Miryem-Khaye Seigel writes:
I had the honor to serve as a 2010 Fellow at Klez Kanada, the annual Yiddish music and culture camp in Lantier, Quebec. I worked as a teacher, lecturer, and newsletter writer, and participated in classes and community activities.
Klez Kanada 2010 was a memorable and inspiring experience full of music, learning and friendship. Thank you to everyone who made it possible – Hy and Sandy Goldman, Avia Moore, and the staff and campers.
I taught the class “Naye Yidishe lider” [New Yiddish Songs] with Fabian “Fayvish” Schnedler of Berlin. We explored the creation of new Yiddish songs through improvisation, creative writing, and individual and group activities.
I presented the English lecture, “The Broder Singers: Forerunners of the Yiddish Theatre”, about the first secular Yiddish performers, their history, repertoire and performance style.
I presented the Yiddish lecture, “Matse mit ‘cream cheese’: Di yidishe radio-reklames fun Nukhem Stutshkov”, featuring Yiddish radio commercials from the Nahum Stutchkoff collection of Yiddish manuscripts in the Dorot Jewish Division, New York Public Library.
I contributed Yiddish content (with English translations) to the Klez Kanada newsletter, “Klez Nayes”, coordinated by Ari Davidoff. My articles covered classes, events, and Yiddish vocabulary.
“A nign a day”, taught by Sruli Dresdner, explored Hasidic nign repertoire in Ashkenazic Hebrew and a bit of Yiddish, focusing intensively on several pieces sung by students at havdole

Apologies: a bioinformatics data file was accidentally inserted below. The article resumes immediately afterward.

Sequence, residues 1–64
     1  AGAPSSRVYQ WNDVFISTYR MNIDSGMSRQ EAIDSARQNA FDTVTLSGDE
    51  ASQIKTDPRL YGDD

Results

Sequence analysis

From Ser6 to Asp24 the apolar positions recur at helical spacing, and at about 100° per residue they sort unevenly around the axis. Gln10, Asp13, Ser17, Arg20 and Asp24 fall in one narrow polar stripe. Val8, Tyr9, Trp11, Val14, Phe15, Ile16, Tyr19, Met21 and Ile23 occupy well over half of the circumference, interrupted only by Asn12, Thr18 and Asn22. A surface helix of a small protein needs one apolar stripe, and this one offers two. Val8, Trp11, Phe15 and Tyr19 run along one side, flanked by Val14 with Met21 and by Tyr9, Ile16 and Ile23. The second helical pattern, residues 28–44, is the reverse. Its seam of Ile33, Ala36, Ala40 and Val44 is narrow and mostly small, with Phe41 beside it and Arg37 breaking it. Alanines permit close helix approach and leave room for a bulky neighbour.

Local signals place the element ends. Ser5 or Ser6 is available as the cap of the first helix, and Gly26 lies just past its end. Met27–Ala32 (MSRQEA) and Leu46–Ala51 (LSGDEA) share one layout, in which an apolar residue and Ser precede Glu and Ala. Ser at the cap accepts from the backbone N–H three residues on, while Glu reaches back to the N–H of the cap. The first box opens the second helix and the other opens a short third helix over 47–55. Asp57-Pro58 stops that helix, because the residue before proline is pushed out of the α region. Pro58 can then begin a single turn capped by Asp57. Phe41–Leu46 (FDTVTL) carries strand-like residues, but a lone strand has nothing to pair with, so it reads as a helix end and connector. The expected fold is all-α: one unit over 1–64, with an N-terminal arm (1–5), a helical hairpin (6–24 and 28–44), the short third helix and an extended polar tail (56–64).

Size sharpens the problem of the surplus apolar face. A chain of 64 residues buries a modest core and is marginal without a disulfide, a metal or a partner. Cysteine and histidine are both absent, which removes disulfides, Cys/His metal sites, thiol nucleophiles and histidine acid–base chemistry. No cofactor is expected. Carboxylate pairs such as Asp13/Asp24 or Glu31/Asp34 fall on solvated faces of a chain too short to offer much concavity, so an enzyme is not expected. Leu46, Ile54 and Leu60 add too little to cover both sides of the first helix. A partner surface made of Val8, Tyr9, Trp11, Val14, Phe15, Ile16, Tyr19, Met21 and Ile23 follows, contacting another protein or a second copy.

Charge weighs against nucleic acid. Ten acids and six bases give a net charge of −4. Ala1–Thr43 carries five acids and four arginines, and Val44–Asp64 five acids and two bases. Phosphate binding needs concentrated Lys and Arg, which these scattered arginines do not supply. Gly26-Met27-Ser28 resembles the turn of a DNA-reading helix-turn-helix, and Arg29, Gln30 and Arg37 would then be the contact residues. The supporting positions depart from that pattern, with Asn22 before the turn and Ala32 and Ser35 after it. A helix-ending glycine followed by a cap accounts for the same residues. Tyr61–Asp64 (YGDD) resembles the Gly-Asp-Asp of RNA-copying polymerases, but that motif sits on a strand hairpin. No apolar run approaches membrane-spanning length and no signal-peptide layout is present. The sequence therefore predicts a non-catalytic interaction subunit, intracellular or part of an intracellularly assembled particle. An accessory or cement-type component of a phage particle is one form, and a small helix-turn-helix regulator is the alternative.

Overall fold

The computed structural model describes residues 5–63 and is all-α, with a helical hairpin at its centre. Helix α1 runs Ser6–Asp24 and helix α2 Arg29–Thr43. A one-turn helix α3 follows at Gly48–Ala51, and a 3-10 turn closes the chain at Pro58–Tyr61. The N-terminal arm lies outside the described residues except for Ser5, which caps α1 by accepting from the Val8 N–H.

The “Yiddish Song Master Class”, taught by Adrienne Cooper and Marilyn Lerner, included student performances followed by advice on vocal and performance technique.
The “Kabbolas Shabbos Band” class, taught by Jeff Warschauer, Becky Wexler, and Sam Young, incorporated traditional texts and klezmer melodies later sung and played during the shabes service.
Lectures and discussions attended
“Cryptojewology: Jewish Studies at the Intersection of Normal and Paranormal”, with Rokhl Kafrissen, examined intersections between Eastern European Jewish culture and paranormal studies.
“Back Lanes and Park Benches of Yiddish Montreal”, with Miriam Isaacs, was a personal story of immigrant experiences in the Yiddish-speaking, Holocaust survivor community of 1950’s Montreal.
“What’s so queer about Klezmer?”, a discussion facilitated by Evelyn Taubin and Shayn Smulyan, explored GLBT issues in the klezmer scene.
I participated in the “Yiddish tish” (Yiddish table) at meals, using the “mame loshn” in a community of old and new friends.
I ran 5K in the “Loyf Tsunoyf”, an early-morning run/walk benefitting the Klez Kanada scholarship program.
Evening events included the annual staff and student concerts, a concert by the group “The Other Europeans” and the first annual Grande Masque costume ball.
Just before shabes, the community sang and played a special tune during the traditional “backwards march” from the lake to the dining hall. Singing, dancing, davening, and a festive meal followed.
I participated in the “Shtiler ovnt” (Quiet evening) featured songs and stories to honor the memory of Pesakh Fiszman z”l. I also attended the “tish”, a late-night, intimate candlelight gathering marked by the hearty singing of nigunim.